I met many other girls who managed to get jobs in the fringe bands of the big London dance halls. They were all exceptionally good. I played with many of them, and they were often as good or better than some of the guys I worked with every day in the studios. But, apart from Gracie and Kathy, I never saw any other girl in a big touring band, or studio session band in London. Now why do you think that was?

Some years ago, when I lived in Berlin, a secretary in one of the radio stations there rang to tell me that Stan Kenton was in their studio, and he had told them that he wanted to contact me. I thought she was pulling my leg. As far as I knew, Kenton was back in the States. So I stayed at home. Next day, the baritone player with Kenton, Roy Reynolds, called me to say they had indeed been in the studio, and had made some recordings. He also told me that there were two girls in the sax section.

Now that was a surprise. Up to then I don't believe that any American band had employed women musicians. Maybe Melba Liston and Lorraine Geller had played in some of the bands, way back, but there have been no others in any of the contemporary bands that I've heard of.

Not long after that happened I played in a band that Al Porcino had gotten together in Munich, and he had three girls in the band, two in the saxes and one trombone. This band was playing mostly Al Cohn, Thad Jones and Bob Brookmeyer arrangements that Al had picked up from some of the bands he'd worked with. The arrangements were very, very complicated and difficult for anyone to play. The girls just sailed right through them.

When I was with Slide Hampton's band in Berlin, we had an American girl called Carol Dawn Reinhart on third trumpet as a dep one night, and she read the book at sight. With her long blonde hair and miniskirt she looked to be about fourteen years old, but boy, could she play.

Bobby Lamb's daughter taught my niece to play the flute. She (Bob's daughter) had a job in a theater orchestra in town at the time. Even that was news, because in days gone by we only used to see girls playing the occasional oboe and stringed instruments in the theater and studio orchestras. (There was a wicked story circulating at that time that the devastatingly handsome oboe virtuoso Leon Goosens, was the reason that many of the girls decided to take up the instrument in the hopes of being taught by him). In the Parnell TV orchestra the only woman I ever saw was the very elegant and dignified Russian lady harpist, Countess Marie Korchinska.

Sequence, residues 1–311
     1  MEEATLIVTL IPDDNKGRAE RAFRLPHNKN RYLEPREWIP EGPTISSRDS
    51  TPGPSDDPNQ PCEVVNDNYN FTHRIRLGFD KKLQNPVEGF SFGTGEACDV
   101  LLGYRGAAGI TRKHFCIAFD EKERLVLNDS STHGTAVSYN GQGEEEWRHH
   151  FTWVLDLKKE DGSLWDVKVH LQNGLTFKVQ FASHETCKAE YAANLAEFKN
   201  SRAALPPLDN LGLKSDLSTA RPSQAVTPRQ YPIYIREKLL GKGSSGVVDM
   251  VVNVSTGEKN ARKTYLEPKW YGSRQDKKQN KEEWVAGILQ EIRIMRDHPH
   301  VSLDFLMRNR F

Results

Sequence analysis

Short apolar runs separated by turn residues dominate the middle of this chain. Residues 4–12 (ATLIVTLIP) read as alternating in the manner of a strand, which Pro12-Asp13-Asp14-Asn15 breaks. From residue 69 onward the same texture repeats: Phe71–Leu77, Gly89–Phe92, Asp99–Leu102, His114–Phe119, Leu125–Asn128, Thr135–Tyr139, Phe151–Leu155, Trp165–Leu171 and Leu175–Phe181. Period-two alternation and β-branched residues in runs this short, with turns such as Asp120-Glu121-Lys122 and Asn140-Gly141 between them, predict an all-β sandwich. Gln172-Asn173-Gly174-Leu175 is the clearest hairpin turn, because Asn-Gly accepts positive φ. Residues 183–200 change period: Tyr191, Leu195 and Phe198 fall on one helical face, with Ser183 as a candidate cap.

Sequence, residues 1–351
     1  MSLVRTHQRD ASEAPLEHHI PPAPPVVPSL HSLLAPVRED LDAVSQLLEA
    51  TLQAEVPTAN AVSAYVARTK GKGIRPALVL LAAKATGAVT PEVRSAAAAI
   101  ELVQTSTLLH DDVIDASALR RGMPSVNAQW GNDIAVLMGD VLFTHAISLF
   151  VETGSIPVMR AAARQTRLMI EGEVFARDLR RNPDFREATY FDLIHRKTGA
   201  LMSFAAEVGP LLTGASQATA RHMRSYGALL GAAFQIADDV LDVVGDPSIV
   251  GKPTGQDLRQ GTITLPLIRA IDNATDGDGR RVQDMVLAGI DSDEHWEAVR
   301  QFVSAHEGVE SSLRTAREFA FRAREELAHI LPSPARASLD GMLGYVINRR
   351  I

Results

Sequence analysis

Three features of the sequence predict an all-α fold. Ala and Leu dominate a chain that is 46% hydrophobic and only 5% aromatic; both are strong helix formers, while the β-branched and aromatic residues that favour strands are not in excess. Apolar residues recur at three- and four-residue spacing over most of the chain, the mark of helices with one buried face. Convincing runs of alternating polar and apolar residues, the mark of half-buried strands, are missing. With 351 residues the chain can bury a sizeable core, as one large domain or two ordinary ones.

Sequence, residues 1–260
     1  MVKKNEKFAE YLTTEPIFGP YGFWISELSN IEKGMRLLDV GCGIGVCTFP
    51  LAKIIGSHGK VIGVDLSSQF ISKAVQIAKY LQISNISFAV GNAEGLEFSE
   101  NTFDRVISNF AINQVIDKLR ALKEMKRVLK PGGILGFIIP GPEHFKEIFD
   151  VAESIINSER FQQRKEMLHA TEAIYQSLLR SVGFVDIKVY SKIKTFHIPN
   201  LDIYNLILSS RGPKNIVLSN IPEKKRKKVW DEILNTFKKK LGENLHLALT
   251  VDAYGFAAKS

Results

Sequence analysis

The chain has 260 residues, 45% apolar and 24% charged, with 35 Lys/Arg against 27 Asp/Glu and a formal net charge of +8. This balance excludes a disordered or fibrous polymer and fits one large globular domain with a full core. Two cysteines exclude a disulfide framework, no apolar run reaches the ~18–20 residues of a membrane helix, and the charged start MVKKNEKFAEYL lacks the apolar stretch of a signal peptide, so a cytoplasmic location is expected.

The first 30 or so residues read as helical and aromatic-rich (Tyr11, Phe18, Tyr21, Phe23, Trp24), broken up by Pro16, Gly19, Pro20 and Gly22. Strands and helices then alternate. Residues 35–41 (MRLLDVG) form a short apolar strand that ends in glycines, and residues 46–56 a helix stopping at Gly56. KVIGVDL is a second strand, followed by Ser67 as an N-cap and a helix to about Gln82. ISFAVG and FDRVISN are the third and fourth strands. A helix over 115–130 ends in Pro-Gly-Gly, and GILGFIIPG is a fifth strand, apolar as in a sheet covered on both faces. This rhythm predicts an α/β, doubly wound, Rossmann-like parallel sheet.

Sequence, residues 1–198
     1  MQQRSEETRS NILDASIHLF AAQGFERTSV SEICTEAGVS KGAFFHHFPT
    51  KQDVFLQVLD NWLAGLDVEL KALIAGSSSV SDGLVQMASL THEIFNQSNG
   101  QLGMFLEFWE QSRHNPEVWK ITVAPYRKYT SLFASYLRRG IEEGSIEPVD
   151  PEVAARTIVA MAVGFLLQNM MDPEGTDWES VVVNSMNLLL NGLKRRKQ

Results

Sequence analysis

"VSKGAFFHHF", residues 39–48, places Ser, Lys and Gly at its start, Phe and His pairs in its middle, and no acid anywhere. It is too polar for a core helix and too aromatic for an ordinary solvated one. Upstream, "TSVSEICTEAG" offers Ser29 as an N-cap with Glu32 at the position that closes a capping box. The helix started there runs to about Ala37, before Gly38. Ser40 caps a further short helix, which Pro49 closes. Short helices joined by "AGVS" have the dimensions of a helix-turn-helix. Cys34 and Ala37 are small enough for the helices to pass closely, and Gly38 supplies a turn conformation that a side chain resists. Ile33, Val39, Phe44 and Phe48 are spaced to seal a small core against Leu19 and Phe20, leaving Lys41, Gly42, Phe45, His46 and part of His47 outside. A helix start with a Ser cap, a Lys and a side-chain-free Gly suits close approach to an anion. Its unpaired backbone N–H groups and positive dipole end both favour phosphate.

The fact there are now so many women musicians involved in the extremely difficult business of big-band playing, is heartening. Times have obviously changed because, as in most other walks of life, the girls had to fight really hard for equal rights in the music business. No wonder then that very few girls had even tried to learn trumpets, trombones and saxophones. They were considered as being mens instruments, and women were supposed to keep their hands off them.

I once worked together in the Squadronnaires Dance Orchestra with Gracie Cole, and I'm ashamed to say That I behaved very badly towards her. The only reason I did so was because she was a girl. We were both in a man's band and I thought, for that reason alone, that she had absolutely no right to be there. Bill Geldard, her husband, was in the band on first trombone, but that didn't stop me.